Flawed Android Devices Open To Malware Threat
In these times when everyone is connected to everyone else 24/7, mobility is an ever more crucial facility. The ability to work from home or whilst out on the road can make a major contribution to a company’s revenue stream and bottom line but unfortunately security is rapidly becoming an issue. Those users who do not have enterprise mobility management policies in place could well be at risk from a recently discovered and alarmingly severe threat.
Researchers at the Universities of California and Michigan have found a flaw in Android devices that effectively allows applications to be hacked. It’s believed that this flaw can even be used in attacks on iOS and Windows Mobile applications. Their paper was presented recently at the USENIX Security Symposium where it caused considerable discussion and concern.
According to researchers, intrusion requires a malicious application to run in the device’s background. The app is virtually unidentifiable to the average user as it uses very little battery energy and only requires a handful of permissions. The window manager, a graphic interface framework housed in the shared memory area of a tablet or smartphone, is used by the malicious mobile program. The app could theoretically interfere with around 92 per cent of devices targeted and was particularly effective in disrupting Gmail. Hackers could use the malicious app to view a replica of the user interface in addition to obtaining image files through the device’s camera.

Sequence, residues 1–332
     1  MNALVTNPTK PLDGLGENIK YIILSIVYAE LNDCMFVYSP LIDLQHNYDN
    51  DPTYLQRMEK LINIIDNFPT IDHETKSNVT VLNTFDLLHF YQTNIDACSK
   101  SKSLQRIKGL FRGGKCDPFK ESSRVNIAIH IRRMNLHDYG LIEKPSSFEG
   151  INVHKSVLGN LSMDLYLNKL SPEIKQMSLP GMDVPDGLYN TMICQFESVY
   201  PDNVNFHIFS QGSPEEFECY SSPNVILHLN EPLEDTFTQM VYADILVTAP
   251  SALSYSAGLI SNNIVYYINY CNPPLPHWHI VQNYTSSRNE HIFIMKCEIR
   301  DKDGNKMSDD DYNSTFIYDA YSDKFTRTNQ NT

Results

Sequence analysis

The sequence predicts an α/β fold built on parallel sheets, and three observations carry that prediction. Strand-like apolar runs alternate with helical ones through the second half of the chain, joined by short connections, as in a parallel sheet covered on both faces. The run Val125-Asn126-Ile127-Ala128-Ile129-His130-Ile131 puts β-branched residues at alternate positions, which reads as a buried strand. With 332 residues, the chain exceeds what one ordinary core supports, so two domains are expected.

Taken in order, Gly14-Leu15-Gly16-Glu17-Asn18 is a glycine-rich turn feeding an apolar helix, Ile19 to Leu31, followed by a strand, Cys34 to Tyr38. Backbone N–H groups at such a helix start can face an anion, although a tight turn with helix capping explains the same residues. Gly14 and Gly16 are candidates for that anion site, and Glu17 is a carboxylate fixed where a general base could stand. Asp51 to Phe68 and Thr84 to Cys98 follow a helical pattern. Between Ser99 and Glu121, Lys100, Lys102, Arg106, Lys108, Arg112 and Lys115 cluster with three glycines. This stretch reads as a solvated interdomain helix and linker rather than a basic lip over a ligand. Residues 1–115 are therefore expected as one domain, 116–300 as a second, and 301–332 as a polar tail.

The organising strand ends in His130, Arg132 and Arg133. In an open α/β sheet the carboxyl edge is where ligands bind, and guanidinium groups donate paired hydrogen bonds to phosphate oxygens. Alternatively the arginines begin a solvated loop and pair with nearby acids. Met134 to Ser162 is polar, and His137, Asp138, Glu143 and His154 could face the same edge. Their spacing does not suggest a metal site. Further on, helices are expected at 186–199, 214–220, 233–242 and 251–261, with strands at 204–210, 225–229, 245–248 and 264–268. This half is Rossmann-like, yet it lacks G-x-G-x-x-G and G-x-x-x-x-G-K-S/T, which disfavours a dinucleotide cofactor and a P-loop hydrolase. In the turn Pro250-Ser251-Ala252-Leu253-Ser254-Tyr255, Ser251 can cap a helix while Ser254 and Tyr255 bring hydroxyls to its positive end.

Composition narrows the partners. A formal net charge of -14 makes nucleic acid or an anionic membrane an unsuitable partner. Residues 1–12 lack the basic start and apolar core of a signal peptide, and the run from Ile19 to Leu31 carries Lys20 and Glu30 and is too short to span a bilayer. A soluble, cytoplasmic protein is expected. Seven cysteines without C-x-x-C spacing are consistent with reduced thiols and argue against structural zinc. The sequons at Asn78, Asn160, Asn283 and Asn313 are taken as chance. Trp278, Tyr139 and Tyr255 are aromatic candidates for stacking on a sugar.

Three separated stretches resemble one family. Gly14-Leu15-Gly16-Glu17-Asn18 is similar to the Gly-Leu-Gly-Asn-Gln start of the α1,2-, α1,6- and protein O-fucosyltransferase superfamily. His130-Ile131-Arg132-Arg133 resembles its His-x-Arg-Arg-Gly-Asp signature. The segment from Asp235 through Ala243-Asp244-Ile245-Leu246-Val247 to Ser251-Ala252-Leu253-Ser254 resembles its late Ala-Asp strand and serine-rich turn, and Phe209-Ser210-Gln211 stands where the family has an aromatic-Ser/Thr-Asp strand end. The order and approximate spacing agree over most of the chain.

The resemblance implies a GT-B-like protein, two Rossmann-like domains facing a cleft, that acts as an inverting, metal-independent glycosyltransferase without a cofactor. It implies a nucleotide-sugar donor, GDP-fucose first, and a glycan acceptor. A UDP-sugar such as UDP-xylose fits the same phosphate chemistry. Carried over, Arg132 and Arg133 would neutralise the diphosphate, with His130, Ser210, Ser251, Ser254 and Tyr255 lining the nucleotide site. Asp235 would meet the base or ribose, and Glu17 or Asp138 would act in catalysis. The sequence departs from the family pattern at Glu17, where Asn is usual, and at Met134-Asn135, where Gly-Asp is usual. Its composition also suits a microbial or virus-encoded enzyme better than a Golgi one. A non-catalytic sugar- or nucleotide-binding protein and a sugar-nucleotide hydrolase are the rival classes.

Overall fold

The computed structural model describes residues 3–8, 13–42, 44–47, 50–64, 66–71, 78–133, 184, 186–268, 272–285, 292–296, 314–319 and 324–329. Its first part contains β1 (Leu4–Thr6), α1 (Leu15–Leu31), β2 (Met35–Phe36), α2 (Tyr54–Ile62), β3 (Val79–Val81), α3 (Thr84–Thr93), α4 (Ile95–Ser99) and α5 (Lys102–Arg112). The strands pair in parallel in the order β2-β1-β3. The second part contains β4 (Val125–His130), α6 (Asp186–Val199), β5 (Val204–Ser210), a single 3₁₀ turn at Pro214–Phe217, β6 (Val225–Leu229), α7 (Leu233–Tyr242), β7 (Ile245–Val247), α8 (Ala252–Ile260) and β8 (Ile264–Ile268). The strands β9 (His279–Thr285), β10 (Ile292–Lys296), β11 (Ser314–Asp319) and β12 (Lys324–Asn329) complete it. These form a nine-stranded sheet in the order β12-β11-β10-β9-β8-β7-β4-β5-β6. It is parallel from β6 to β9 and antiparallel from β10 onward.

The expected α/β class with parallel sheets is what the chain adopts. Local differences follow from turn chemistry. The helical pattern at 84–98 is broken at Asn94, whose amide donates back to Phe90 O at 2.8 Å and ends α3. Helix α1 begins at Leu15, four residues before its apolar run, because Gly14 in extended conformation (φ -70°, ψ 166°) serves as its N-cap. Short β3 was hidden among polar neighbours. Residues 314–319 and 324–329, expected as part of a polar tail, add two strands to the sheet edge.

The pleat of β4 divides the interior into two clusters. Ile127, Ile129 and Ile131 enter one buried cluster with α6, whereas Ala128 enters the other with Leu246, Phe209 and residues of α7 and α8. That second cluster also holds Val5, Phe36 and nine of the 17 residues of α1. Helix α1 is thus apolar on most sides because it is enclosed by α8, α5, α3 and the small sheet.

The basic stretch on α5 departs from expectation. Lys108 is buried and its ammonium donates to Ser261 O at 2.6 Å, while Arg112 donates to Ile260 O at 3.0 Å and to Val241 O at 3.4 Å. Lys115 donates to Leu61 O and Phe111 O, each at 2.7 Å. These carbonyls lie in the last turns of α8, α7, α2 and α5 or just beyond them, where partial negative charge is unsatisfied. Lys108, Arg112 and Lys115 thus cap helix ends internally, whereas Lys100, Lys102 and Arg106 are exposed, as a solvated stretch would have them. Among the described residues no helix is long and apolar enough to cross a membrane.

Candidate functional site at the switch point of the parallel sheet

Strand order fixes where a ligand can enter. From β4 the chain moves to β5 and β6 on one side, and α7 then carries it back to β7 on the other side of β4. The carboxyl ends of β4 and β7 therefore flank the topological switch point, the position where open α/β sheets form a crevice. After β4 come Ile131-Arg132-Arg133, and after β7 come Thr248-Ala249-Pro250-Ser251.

Fortunately, mobile application manage software is able to mitigate the effects of such malicious apps (and there is more than one) by sandboxing applications and avoiding memory sharing between them. According to Sanjay Poonen, manager of end-user computing at VMware, IT departments that do not quickly adapt to our increasingly mobile influenced world are at increased risk of serious attacks, and ultimately extinction.
The research raised serious concerns about the newly introduced bring-your-own-device policy now operating across many businesses. If companies do not use MAM software, their systems could be at risk from a malicious application which could in effect be customised to attack one specific operating system. Those enterprises that do install MAM software suites on each and every user’s own device will stay immune from attack. MAM software suites are specifically built for each separate operating system and combat hacking using malicious programs by restricting memory sharing.
Mobility is obviously the way forward for modern business, but it’s crucial that companies are aware of serious threats to data security and put systems in place to combat it. There will always be hackers and mischief-makers out there; it’s just a case of keeping one step ahead and making their lives as difficult as possible.